# Number Theory Lecture 2

Lecture2

This lecture was given on September 1st 2009.

A (comm.) ring $R$ is a Dedekind domain if it is

1. Noetherian
2. a domain
3. Integrally closed
4. every nonzero prime ideal is maximal

Prop: Let $R$ be an integral domain, $K = Frac(R)$.  Let $L/K$ be a finite extension.  Let $S$ be the integral closure of $R$ in $L$.  Then $S$ is a subring of $L$, $Frac(S) = L$ and $S$ is integrally closed in $L$.

the first two claims should be done as exercises, the third is more involved and found in many comm. alg. texts.

Prop: With the same notation as above, suppose $latexR$ is Dedekind.  Assume either characteric 0, or simply that L/K is seperable.  Then $S$ is Dedekind and $S$ is a finite $R$-module whose $K$ span is $L$.

Rmk: If the definion of Dedekind required $R$ to be a PID, then the above proposition would be false. The definition of a Dedekind domain is such that it is perserved under finite integral closure.

Let $E/\mathbb{Q}$ be a number field ( a finite extenion of the rationals).  The ring of integers of $E$, denoted $O_E$ is the integral closure of the integers in $E$.

Cor: $O_E$ is a dedekind domain and a finite free $\mathbb{Z}$ module of rank equal to $[E:\mathbb{Q}]$.

proof: the first claim follows from the prev prop, for the second claim use the structure theorem for abelian groups.

Rmk: If $E/F$ is a finite extension of number fields then $O_E$ is equal to the integral closure of $O_F$ in $E$.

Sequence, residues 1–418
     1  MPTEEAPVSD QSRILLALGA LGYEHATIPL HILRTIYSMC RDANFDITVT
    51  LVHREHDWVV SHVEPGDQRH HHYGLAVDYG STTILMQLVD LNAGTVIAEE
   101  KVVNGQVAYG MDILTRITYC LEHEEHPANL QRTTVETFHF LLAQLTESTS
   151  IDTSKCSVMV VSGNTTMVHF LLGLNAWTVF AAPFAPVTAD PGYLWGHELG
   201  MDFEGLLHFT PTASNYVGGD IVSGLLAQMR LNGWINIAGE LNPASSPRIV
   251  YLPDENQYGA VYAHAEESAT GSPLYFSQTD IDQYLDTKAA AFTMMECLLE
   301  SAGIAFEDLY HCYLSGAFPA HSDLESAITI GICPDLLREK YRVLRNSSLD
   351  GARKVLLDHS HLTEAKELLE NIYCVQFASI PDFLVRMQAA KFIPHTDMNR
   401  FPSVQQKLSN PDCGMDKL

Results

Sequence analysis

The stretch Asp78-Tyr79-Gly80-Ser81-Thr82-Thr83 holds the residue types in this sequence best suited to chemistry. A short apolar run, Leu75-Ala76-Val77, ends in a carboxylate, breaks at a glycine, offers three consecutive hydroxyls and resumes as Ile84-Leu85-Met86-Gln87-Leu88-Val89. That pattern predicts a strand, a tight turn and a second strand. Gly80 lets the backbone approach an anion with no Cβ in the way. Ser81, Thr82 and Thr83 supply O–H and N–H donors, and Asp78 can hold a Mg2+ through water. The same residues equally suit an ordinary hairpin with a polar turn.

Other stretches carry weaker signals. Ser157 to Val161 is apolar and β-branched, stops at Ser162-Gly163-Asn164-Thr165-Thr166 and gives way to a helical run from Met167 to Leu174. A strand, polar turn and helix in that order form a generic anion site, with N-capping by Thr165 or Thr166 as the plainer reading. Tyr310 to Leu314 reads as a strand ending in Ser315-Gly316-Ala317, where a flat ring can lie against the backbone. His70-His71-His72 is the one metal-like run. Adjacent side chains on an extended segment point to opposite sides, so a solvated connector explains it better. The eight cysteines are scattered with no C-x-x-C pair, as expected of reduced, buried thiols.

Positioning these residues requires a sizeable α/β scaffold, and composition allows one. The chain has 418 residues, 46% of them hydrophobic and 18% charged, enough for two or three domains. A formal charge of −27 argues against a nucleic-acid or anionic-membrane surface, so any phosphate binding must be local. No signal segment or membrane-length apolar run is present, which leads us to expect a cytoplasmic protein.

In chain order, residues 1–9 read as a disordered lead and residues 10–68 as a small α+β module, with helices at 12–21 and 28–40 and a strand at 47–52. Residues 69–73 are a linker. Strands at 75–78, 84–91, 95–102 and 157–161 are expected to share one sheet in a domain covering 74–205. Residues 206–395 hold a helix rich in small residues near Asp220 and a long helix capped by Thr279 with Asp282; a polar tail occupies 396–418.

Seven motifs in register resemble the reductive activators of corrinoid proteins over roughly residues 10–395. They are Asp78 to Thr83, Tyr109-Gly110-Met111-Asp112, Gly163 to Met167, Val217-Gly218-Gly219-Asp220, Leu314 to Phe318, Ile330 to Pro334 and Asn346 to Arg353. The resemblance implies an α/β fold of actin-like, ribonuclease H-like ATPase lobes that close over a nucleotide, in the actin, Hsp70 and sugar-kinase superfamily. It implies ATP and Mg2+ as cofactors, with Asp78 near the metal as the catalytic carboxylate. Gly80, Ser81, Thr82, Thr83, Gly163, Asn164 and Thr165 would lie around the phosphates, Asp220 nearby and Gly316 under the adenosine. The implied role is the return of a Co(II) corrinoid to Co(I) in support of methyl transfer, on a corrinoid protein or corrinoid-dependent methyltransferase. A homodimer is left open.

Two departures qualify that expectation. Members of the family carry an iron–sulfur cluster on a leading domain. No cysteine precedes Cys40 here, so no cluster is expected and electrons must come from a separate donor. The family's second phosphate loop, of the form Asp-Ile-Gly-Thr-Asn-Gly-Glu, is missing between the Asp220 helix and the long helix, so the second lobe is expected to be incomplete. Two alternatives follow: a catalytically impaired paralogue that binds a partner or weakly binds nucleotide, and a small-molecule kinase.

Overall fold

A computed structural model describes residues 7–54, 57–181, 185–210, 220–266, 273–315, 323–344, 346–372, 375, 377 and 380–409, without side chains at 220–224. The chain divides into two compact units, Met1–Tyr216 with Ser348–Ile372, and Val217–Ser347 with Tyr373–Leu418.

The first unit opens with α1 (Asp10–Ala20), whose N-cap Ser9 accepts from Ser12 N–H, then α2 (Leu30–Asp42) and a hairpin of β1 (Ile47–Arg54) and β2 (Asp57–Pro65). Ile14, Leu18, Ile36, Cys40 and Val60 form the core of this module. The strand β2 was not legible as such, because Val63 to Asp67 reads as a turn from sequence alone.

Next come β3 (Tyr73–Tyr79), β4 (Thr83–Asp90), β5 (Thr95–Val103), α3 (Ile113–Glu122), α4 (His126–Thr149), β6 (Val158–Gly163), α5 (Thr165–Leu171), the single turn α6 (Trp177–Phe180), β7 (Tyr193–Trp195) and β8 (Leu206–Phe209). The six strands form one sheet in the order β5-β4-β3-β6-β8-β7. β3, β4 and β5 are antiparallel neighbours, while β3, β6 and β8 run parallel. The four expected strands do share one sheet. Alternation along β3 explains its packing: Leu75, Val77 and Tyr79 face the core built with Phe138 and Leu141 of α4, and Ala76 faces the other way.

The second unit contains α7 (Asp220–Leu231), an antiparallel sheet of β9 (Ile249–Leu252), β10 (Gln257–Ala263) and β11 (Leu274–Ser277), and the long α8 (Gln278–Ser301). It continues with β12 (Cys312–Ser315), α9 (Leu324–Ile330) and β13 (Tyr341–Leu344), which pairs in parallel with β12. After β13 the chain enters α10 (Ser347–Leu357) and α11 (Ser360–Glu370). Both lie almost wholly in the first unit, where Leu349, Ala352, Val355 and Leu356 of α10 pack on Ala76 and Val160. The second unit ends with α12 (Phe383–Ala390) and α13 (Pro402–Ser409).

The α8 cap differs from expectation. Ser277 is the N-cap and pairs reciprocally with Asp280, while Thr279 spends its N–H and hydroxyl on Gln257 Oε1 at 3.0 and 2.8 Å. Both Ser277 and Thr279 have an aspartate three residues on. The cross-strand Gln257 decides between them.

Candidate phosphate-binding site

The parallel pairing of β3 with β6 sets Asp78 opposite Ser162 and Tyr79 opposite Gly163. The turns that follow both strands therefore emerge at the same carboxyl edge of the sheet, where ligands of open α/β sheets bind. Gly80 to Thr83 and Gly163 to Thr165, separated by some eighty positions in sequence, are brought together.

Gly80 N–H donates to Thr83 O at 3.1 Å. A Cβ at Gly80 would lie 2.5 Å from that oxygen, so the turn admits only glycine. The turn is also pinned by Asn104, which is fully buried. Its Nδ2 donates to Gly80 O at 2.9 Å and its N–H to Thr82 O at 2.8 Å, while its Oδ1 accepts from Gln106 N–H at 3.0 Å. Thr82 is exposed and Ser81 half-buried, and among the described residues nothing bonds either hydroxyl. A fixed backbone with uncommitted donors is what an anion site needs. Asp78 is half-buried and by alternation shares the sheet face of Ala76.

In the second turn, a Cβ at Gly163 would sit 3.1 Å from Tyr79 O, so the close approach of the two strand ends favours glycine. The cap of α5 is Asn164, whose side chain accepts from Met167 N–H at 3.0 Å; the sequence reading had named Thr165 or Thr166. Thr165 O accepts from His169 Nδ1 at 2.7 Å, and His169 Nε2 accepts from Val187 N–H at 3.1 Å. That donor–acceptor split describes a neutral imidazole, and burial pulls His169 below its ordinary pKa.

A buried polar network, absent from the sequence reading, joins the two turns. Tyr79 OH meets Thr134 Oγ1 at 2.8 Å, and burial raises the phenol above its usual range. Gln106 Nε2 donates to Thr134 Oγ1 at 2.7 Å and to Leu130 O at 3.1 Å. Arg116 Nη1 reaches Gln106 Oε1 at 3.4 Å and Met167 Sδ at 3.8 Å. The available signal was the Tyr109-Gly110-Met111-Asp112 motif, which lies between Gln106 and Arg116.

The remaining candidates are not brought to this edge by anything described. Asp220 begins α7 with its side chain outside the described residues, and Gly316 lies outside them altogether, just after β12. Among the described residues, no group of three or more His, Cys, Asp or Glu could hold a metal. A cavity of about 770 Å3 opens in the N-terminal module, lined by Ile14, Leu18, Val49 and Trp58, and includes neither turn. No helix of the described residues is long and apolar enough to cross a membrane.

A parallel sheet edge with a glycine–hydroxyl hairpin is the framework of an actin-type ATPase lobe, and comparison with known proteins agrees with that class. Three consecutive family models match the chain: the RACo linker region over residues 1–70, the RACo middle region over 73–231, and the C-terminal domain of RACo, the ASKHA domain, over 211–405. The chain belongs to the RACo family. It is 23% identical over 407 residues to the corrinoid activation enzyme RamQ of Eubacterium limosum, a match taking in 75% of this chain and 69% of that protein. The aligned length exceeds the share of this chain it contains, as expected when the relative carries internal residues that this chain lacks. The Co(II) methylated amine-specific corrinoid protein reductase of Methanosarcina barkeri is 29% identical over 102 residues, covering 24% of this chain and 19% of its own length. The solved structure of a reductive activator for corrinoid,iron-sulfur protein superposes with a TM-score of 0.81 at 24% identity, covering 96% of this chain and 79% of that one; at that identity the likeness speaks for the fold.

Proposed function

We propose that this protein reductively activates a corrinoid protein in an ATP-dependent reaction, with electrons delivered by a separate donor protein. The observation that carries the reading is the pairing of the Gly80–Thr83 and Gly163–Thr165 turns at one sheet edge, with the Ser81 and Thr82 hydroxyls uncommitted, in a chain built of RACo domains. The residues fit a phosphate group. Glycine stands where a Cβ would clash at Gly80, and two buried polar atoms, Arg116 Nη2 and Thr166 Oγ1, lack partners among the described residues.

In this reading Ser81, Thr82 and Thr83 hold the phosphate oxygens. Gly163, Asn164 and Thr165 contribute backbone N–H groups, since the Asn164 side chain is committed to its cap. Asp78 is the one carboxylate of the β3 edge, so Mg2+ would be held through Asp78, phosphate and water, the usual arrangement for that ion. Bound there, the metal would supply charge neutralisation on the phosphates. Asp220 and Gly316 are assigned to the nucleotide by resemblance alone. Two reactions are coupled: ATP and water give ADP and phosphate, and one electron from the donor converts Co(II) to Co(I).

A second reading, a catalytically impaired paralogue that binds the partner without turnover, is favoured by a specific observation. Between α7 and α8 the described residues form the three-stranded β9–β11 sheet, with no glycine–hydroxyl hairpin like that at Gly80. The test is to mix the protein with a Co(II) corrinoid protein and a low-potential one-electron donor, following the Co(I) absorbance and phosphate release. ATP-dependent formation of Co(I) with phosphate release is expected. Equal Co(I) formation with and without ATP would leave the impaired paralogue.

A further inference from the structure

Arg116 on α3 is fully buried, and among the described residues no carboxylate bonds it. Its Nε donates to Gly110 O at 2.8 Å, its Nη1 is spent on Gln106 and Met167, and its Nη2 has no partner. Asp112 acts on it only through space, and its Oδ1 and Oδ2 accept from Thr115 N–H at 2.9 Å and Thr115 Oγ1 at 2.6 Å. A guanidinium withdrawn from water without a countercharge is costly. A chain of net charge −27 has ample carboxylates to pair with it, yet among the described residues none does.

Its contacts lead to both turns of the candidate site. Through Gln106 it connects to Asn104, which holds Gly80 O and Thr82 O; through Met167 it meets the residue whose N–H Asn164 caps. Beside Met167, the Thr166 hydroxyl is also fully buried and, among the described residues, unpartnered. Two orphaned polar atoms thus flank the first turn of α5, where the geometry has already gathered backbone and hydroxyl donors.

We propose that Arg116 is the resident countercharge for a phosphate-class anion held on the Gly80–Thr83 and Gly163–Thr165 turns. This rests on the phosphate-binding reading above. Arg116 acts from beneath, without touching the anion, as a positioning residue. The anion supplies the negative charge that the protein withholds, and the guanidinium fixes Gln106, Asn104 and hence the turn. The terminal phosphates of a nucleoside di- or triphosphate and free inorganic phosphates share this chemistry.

Rmk: For a Dedekind domain, being a PID is equivalent to being a UFD.

### Fractional Ideals

Summary of rest of lecture.  Prop $R$ is a dedekind domain iff all fractional ideals are invertible.  Thus let $\mathscr{J}(R)$ denote the abelian group under ideal multiplication.

Thm: $\mathscr{J}(R)$ is free abelian generated by the non-zero primes.

For $K = frac(R)$ there is a natuaral map $K^* \to \mathscr{J}(R)$ sending $x$ to the principal ideal it genreates $(x)$.  So there is an injection $0 \to K^*/R^* \to \mathscr{J}(R)$, define $CL(R)$ to be the cokernel of this injection. In otherwords, there is an exact squence

$0 \to R^* \to K^* \to \mathscr{J}(R) \to CL(R) \to 0$

Thm: For a number field $E$, $CL(O_E)$ is finite.

Rmk: This construction is analogous to the Picard group of an algebraic curve.  Namely from the exact sequence of sheaves on a curve $X$ :

$0\to O^*\to K^* \to K^*/O^*\to 0$

one gets from the long exact sequence on cohomology

$0 \to \Gamma(O^*) \to \Gamma(K^*) \to Cart(X) \to Pic(X) \to 0$